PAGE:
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Remote workers battle for home broadband

Research reveals that maybe the real issue in the big broadband debate is to be found inside the home rather than outside, especially for remote workers

Internet service provider Truespeed has spent the past 18 months ramping up the delivery of full-fibre connectivity to working premises and homes in non-metropolitan conurbations in the west of England, and now research by the Bath-based firm has revealed that delivering gigabit connectivity is more important than ever.

In the firm’s Broadband battles study, 92% of respondents said they would be “lost” without reliable home broadband, and three-quarters said they had argued over the broadband as they battled to work from home while ensuring their children attended online classes.

The research surveyed 2,000 UK adults living with their children who use broadband at home and was conducted online by OnePoll from 1-4 February 2021. Two-thirds (67%) of the parents said they needed fast broadband connectivity because they worked from home, but only about one-third (36%) said they had a highly reliable home broadband connection.

Worryingly, almost half (46%) indicated that they experienced broadband problems at least once a week. Even more worrying, many of the problems were encountered during sessions of video conferencing, such as Zoom and Microsoft Teams, that remote workers have come to depend on since stay-at-home orders were introduced in early 2020.

Video calls shuddering, freezing or even dropping out entirely were experienced by 24% of respondents, while 16% had even struggled to get their broadband to cooperate when sending an email.

Truespeed noted that against this backdrop, it was not surprising that one-fifth of parents have faced arguments after asking their children to stop using the broadband to free up enough bandwidth for them to attend a work video call – or that two-fifths of families now have more rows about internet use than about what to watch on TV. 

With the typical household juggling nine connected devices at once, clogging up the broadband was found to be the top gripe (23%). Other families have rowed because someone tried to download a big file, making the internet slow for everyone else (13%).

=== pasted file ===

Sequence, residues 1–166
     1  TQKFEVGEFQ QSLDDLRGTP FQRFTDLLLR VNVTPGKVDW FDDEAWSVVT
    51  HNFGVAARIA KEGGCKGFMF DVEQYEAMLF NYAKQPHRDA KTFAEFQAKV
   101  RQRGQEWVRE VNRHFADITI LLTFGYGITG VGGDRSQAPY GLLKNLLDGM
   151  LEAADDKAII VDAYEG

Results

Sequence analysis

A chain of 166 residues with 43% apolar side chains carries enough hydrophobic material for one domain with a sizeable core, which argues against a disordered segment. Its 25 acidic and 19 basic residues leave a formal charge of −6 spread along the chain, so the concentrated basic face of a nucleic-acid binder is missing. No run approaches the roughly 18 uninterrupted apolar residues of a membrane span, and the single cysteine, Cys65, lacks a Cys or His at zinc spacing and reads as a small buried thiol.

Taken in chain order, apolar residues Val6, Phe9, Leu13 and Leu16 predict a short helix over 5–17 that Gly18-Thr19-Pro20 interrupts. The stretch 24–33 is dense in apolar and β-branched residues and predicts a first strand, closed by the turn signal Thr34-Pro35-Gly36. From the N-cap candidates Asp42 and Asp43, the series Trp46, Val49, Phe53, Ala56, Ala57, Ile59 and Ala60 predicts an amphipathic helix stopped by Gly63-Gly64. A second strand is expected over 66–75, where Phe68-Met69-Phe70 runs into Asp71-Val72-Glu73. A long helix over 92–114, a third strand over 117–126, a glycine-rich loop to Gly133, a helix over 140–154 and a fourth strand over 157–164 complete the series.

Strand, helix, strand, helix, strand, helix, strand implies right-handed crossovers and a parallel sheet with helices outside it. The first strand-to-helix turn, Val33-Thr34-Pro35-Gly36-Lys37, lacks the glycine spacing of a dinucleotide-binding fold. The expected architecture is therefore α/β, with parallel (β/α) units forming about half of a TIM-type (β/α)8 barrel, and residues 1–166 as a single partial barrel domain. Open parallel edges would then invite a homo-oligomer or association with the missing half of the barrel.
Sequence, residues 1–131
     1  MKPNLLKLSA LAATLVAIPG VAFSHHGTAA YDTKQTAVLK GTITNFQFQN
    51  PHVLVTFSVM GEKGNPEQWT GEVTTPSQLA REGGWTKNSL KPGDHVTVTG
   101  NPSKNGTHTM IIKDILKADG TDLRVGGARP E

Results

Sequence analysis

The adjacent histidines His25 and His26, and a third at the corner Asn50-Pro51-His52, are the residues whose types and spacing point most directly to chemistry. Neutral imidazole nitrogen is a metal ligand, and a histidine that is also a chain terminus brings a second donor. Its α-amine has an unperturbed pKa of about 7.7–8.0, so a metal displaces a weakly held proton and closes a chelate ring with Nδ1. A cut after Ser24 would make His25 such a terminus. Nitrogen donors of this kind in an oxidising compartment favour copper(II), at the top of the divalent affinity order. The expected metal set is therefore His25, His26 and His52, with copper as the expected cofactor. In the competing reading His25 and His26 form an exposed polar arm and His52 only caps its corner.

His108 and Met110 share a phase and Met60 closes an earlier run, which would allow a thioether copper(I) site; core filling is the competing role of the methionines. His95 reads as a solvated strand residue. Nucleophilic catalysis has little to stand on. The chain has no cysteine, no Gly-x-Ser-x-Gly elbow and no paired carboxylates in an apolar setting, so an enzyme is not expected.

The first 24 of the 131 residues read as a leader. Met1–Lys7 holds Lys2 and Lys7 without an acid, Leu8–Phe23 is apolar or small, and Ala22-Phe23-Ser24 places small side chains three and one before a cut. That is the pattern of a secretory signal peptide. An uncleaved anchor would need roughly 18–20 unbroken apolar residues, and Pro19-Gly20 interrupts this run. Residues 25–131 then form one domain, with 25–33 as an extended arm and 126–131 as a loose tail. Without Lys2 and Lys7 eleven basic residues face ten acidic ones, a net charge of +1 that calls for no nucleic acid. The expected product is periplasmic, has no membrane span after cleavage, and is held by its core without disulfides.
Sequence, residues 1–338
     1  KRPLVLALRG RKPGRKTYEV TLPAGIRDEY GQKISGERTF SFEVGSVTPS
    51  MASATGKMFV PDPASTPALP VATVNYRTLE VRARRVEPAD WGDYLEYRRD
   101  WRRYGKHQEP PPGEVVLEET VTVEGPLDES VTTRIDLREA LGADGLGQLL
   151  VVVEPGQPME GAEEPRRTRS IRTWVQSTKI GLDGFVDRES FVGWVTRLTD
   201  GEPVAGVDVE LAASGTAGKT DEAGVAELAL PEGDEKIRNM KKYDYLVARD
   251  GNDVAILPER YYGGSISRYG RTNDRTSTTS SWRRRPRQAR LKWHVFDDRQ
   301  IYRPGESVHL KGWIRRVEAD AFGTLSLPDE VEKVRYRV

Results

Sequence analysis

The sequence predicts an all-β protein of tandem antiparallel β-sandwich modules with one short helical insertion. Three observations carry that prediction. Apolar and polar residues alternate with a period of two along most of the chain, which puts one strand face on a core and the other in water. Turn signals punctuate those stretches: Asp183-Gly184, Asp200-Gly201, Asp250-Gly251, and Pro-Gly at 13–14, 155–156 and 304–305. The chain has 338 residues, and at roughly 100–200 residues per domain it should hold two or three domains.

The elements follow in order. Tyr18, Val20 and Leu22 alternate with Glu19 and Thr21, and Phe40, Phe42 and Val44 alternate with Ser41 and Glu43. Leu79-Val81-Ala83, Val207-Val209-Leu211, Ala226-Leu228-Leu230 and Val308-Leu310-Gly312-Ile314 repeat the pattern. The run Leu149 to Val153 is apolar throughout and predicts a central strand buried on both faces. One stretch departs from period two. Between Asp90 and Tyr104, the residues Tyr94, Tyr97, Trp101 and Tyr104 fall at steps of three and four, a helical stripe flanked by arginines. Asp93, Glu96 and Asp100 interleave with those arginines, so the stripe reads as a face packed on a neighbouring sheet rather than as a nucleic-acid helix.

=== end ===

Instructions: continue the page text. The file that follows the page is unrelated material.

“Struggling with sub-standard broadband is a big challenge for parents up and down the country juggling working from home with their kids’ online schooling,” said Truespeed CEO Evan Wienburg. “Everyone wants a piece of the broadband action, so it’s hardly surprising that unreliable connectivity and bandwidth issues are causing family rows.

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“Our survey underlines the urgent need for parents working from home to be able to choose an ultra-fast, ultra-reliable, full-fibre broadband service that can handle whatever their family throws at it.”

The survey comes hot on the heels of Truespeed revealing that, after a long period of bringing gigabit connectivity to locations such as the city of Wells, where it provided full-fibre using innovative means, it had started to roll out its ultra-fast, gigabit-capable, full-fibre broadband network in its home city of Bath, a move that it says propels the World Heritage city into the gigabit era.

In parallel, the firm is expanding its footprint into neighbouring areas in Somerset – including Keynsham, Saltford and South Widcombe – and is further boosting its investment in Wells with plans to connect more areas of the city and continue expanding its current building works in surrounding areas such as Wookey and Coxley.

Truespeed has already connected more than 200 communities that it says have been ignored by UK national broadband providers and says it is en route to its meet its target of passing 500,000 properties by 2025.

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